Washington Rules

The more people delve into the details of this monstrous health overhaul law, the more shocked and appalled they become.

Today's case in point: A new requirement that would bury small business in a tsunami of paperwork and that has virtually nothing to do with health care.

Here's an example of how it works: The Galen Institute is required to file a Form 1099 for payments to independent contractors to whom we pay more than $600 in a year. Basically, this applies to the several consultants who provide valuable services to us. It's a hassle to file these forms, but manageable.

But the law now will require us to file a 1099 with the IRS for every business transaction totaling more than $600 — everyone from Staples to United Airlines to FedEx to the catering business that brings in box lunches for our conferences.

Congressional staffers looked in every corner of the tax code to find money to pay for their $2.5 trillion expansion of government control over our health sector, and they found this change that would raise $17 billion over ten years. But imagine what the compliance costs will be for businesses!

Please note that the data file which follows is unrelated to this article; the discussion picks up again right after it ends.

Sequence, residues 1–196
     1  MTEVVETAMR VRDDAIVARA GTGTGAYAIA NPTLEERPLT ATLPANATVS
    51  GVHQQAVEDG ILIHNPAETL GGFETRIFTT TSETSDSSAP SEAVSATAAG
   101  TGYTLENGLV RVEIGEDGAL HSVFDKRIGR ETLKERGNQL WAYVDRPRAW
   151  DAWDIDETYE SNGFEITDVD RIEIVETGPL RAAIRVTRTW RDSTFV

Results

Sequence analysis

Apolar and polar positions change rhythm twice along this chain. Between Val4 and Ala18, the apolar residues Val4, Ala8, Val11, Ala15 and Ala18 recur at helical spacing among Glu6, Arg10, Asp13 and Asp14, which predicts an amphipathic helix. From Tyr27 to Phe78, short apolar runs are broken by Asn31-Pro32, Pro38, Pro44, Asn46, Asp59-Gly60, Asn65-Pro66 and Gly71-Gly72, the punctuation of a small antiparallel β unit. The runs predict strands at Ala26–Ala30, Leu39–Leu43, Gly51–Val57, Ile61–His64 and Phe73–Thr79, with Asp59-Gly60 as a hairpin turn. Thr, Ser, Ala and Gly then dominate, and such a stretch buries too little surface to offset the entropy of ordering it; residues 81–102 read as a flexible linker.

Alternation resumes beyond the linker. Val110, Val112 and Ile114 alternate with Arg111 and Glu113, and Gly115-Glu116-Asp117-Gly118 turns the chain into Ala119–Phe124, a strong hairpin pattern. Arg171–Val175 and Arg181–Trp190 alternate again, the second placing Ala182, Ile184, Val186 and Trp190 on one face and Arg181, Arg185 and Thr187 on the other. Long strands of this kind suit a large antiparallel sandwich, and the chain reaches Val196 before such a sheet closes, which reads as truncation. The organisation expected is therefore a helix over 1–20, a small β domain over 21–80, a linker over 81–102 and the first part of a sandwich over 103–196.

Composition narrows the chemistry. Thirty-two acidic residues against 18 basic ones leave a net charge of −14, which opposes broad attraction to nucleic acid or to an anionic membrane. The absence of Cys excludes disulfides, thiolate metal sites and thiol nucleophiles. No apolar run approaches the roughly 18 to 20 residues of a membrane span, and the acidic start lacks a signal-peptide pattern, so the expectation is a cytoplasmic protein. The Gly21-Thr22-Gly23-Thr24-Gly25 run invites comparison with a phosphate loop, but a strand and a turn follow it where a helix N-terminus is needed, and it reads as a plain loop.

Rep. Dan Lungren (R-CA) has come to the rescue with a beautifully simple bill (HR 5141) that repeals this ridiculous provision. He has at least 34 co-sponsors since he introduced the bill on Monday.

In his Dear Colleague letter, Rep. Lungren said unless this is repealed, small business owners will face an onerous tax reporting burden, and it will discourage companies from dealing with small businesses. "Businesses will think twice before purchasing goods and services from smaller companies … It will be easier to rely on a single large supplier," he wrote.

"Small businesses are the economic engine of our nation, creating 65% of new job growth. Imposing yet another tax burden on them is bad medicine for Americans." The National Federation of Independent Business has endorsed the legislation.

This 1099 rule is just one example of the avalanche of changes in the health overhaul law that show Washington's complete disregard for its impact on private sector America.


Ignoring the law: Even the Federal government is finding out how difficult it is to comply with ObamaCare. Last week, we reported that the office that administers health benefits for federal workers is basically ignoring the law and plans to keep its program operating as is, even though the Congressional Research Service seriously questions the legality of doing so.

Now we hear that while private employers are being forced to add 26-year-old "children" to their parents' policies by September, the federal government isn't going to get around to doing that until next year.